Message 3 of 12 , Mar 6, 2011
          I think that what you are describing, Val, is a mixture of a school's ethos and the teaching of civics. The latter would, I hope, be expected to be part of any modern educational system's content (though was not something I was taught) and is not necessarily anything to do with the state, though I could imagine it being part of what I called 'mandated standards'. The former has nothing to do with the state and is instead a function of the kind of leadership the school has, the quality of its teaching body, the expectations of the parents, and other factors. The authority a teacher has should derive from their competence and the quality of their character, and is not something they should ever use to 'coerce' students into anything. But I can't see that any of this addresses my point about the funding of education.

          T.

          Ted Wrinch

          --- In anthroposophy_tomorrow@yahoogroups.com, "val2160" <wdenval@...> wrote:

          > Public schools play a central role in American life. They mold children
          > into good citizens by teaching the core values of pluralistic democracy:
          > freedom and tolerance. Our public schools must therefore be hospitable
          > to students of all faiths and no faith. Public schools should teach an
          > understanding of and respect for diversity, as well as a spirit of
          > acceptance and inclusion. They should also help develop citizens who
          > respect our nation's legacy of religious freedom and the separation of
          > church and state.
          >
          > Public school teachers rightly function as important authority figures
          > in the lives of their students. But, under the Constitution, their
          > authority may not extend to matters of religious belief. According to
          > the Supreme Court, the First Amendment requires that public school
          > students never be given the impression that their school officially
          > sanctions religion in general or prefers a specific faith in particular.
          > Further, students must never feel coerced by peer or public pressure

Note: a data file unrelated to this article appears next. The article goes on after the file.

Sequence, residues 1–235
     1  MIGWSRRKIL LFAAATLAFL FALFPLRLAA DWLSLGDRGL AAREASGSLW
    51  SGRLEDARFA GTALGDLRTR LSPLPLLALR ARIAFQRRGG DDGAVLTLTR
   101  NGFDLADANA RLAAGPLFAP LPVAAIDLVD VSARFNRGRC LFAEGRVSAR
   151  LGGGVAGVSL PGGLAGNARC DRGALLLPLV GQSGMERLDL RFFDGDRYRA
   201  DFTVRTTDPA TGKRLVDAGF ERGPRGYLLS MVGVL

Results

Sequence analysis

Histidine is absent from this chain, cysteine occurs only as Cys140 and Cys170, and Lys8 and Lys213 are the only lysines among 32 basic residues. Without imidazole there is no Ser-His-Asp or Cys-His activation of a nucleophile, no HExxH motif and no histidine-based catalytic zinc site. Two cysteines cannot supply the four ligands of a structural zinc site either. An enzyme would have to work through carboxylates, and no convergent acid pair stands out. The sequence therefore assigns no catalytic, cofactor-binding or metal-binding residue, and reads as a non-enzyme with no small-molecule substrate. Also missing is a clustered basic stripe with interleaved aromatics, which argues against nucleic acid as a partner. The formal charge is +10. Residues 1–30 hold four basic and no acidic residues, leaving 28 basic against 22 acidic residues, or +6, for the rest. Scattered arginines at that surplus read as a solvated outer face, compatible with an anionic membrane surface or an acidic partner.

> into adhering to the dictates of any religion.
          >
          >
          > http://www.adl.org/issue_religious_freedom/separation_cs_primer_schools.\
          > asp
          > <http://www.adl.org/issue_religious_freedom/separation_cs_primer_schools\
          > .asp>
          >
        • val2160
          ... ethos and the teaching of civics. The latter would, I hope, be expected to be part of any modern educational system s content (though was not something I
          Message 4 of 12 , Mar 6, 2011
            --- In anthroposophy_tomorrow@yahoogroups.com, "ted.wrinch" <ted.wrinch@...> wrote:
            >
            > I think that what you are describing, Val, is a mixture of a school's ethos and the teaching of civics. The latter would, I hope, be expected to be part of any modern educational system's content (though was not something I was taught) and is not necessarily anything to do with the state, though I could imagine it being part of what I called 'mandated standards'. The former has nothing to do with the state and is instead a function of the kind of leadership the school has, the quality of its teaching body, the expectations of the parents, and other factors. The authority a teacher has should derive from their competence and the quality of their character, and is not something they should ever use to 'coerce' students into anything. But I can't see that any of this addresses my point about the funding of education.
            >
            > T.
            >
            > Ted Wrinch 

            Regarding your point-my right to educate my child in the manner that I, as their parent, deem appropriate is not prohibited by law; however, it is abridged.-Val
            > --- In anthroposophy_tomorrow@yahoogroups.com, "val2160" wdenval@ wrote:
            >
            > > Public schools play a central role in American life. They mold children
            > > into good citizens by teaching the core values of pluralistic democracy:
            > > freedom and tolerance. Our public schools must therefore be hospitable
            > > to students of all faiths and no faith. Public schools should teach an
            > > understanding of and respect for diversity, as well as a spirit of
            > > acceptance and inclusion. They should also help develop citizens who
            > > respect our nation's legacy of religious freedom and the separation of
            > > church and state.
            > >
            > > Public school teachers rightly function as important authority figures